Turn back the pages — April 13, 1989
Compiled by Julie Rosier
Navy skimmers here to pick up Exxon’s spilled oil — Two Navy skimmers moved into the Eldorado Narrows just inside of Resurrection Bay Tuesday afternoon, April 11 to begin collecting the spilled oil that has worked its way closer to Seward, according to United States Coast Guard Lieutenant Matt Carr. The Marco 5 skimmers arrived Saturday and Sunday, and up until Tuesday afternoon, had not been used to remove any oil.
Carr anticipated the skimmers would begin clean up operations by Tuesday night. The vessels will each be towing a container that enables them to collect 35,000 gallons of oil, but the barges used to store the collected oil were not present as of Tuesday, said Carr.
The officer said he did receive word from Exxon that barges are coming, but did not know when they may arrive. A second skimming operation in the works will utilize the USCG cutters Yocona and Planetree and an 84” Norwegian boom, said Carr.
Each vessel will take one end of the boom and tow it creating a trap to collect floating oil. One of the Navy skimmers will then follow behind an opening in the boom and gather the oil, said Carr.
Tuesday evening the boom could not be utilized because the power pack needed to inflate it was sent to Valdez, said Carr. He did say the pack was on its way to Seward.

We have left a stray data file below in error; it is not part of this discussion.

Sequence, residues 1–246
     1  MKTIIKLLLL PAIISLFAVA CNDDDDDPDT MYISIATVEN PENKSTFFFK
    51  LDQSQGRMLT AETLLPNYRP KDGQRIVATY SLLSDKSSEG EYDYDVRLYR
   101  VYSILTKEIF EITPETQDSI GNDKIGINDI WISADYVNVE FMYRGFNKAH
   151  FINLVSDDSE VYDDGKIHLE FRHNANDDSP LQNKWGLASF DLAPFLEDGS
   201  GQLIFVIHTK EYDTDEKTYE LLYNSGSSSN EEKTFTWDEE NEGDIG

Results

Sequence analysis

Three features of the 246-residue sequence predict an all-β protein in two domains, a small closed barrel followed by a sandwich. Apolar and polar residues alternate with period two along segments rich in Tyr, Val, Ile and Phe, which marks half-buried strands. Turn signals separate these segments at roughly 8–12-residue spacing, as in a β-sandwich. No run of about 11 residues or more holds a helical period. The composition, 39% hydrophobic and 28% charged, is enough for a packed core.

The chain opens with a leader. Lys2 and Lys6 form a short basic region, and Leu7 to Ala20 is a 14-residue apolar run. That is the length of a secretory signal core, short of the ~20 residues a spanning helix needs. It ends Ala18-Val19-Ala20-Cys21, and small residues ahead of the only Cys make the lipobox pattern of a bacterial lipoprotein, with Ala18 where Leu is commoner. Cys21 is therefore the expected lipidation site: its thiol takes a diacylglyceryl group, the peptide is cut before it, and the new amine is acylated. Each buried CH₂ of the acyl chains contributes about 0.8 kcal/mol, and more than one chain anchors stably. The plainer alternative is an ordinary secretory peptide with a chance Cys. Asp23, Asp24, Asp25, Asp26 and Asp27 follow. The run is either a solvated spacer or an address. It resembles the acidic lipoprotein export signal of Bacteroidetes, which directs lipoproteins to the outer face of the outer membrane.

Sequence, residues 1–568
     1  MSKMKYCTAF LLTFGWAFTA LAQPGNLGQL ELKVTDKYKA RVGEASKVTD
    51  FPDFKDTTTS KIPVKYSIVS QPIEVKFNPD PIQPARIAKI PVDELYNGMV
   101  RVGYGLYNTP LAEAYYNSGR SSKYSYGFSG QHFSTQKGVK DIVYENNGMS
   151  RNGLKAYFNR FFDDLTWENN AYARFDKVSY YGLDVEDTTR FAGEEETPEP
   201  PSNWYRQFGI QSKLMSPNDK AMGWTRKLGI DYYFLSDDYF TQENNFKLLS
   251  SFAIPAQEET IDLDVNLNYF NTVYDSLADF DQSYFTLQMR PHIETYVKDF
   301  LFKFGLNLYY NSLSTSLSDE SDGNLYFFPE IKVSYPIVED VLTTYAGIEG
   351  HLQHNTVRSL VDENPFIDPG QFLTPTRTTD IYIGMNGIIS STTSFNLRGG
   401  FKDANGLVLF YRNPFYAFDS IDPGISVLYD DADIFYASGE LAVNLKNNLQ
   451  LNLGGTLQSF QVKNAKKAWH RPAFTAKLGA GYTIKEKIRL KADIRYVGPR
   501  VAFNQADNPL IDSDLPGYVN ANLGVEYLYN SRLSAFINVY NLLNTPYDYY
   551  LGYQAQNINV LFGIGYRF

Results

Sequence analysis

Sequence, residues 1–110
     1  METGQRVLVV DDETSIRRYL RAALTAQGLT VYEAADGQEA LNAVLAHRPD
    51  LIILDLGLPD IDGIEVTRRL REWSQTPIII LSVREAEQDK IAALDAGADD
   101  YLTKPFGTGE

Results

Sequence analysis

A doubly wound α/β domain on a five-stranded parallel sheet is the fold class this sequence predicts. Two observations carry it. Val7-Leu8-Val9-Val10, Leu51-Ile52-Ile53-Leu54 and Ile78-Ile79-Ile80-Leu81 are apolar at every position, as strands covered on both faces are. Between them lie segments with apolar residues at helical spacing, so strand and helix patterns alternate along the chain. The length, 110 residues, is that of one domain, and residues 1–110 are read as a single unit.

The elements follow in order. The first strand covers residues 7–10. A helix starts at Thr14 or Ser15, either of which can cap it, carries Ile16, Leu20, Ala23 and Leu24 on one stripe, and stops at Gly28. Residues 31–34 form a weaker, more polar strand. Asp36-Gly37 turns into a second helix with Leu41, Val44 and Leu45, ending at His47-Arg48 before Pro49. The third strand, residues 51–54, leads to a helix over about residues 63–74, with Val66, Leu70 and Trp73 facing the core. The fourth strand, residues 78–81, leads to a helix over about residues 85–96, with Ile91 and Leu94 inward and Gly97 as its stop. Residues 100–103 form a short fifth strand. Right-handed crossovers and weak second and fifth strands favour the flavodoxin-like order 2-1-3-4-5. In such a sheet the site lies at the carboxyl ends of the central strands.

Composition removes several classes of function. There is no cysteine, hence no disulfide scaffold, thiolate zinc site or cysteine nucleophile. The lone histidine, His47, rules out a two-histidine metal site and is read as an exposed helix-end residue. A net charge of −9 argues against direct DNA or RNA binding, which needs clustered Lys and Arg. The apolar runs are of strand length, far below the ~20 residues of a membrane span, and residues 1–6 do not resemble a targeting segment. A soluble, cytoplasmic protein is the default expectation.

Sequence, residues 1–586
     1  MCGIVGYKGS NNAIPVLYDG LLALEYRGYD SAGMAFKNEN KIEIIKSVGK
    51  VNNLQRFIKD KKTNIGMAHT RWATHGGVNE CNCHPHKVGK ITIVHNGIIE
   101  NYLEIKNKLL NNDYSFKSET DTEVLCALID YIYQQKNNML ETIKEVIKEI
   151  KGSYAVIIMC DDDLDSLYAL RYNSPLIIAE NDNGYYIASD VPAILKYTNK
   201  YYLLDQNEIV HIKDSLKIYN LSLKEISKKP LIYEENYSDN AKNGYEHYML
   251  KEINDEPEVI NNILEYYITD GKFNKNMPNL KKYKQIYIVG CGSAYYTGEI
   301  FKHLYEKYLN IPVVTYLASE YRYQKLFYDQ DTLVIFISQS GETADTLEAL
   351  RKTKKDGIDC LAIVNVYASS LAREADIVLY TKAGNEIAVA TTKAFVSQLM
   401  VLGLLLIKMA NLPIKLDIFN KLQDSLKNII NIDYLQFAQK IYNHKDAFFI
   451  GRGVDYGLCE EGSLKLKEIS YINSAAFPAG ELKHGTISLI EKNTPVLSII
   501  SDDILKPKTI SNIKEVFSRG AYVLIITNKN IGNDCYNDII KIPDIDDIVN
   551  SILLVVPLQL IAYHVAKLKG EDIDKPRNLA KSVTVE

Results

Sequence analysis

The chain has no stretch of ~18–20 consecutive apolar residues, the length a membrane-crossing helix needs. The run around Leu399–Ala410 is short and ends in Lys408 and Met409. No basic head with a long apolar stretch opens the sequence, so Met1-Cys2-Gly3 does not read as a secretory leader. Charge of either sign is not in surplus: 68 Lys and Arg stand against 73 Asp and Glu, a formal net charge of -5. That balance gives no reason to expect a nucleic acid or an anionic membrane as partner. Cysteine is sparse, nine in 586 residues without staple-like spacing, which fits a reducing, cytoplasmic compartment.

Spill clean-up effort has appearance of circus (editorial) — Southcentral Alaska’s marine waterways are dying bit by bit while corporate and governmental efforts to manage the destruction increasingly take on the character of a circus... if a circus can feature dying animals, clowns in pinstriped suits and a ringmaster that offers to pay for everybody’s tickets, then raises fuel prices Outside to cover the cost.
Cleanup efforts in the Exxon Valdez oil spill are in full swing, according to an Exxon official, who told the LOG the corporation now is skimming up to 2,000 barrels of the spilled crude a day from the waters of Prince William Sound. Unfortunately, at that rate it will be the year 2004 A.D. before the last oil is cleaned up.
City, state and federal agencies and corporations have banded together to create new temporary cooperatives, such as the Crisis Management Center in Seward, and the Seward Bird Rescue and Rehabilitation Center. Meetings are held, maps updated, briefings given and a steady pile of paper generated. Reconnaissance flights are flown, boat trips to the end of the bay to track the spill are taken, but so far, no oil has been cleaned up from the waters of Cape Resurrection or the vicinity of the bay, of from Kenai Fjords National Park.
Wildlife being engulfed by oil slick — As the Exxon oil spill continues to make its slow southeastern journey down Alaska’s coastline, increasing numbers of wildlife are being engulfed by the black swath. In the oiled waters at the head of Resurrection Bay, fouled sea birds are clinging to rocks, floundering in the open water and perishing.
Sunday morning Kenai Fjords Park Ranger Peter Fitzmaurice conducted a count of the birds affected by the oil around Cape Resurrection, the Chriswell Islands and Seal Rocks. Traveling by boat to the traditional nesting grounds, the ranger and a handful of photographers documented a cross-section of the damage the oil has imposed on the many species of birds thus far.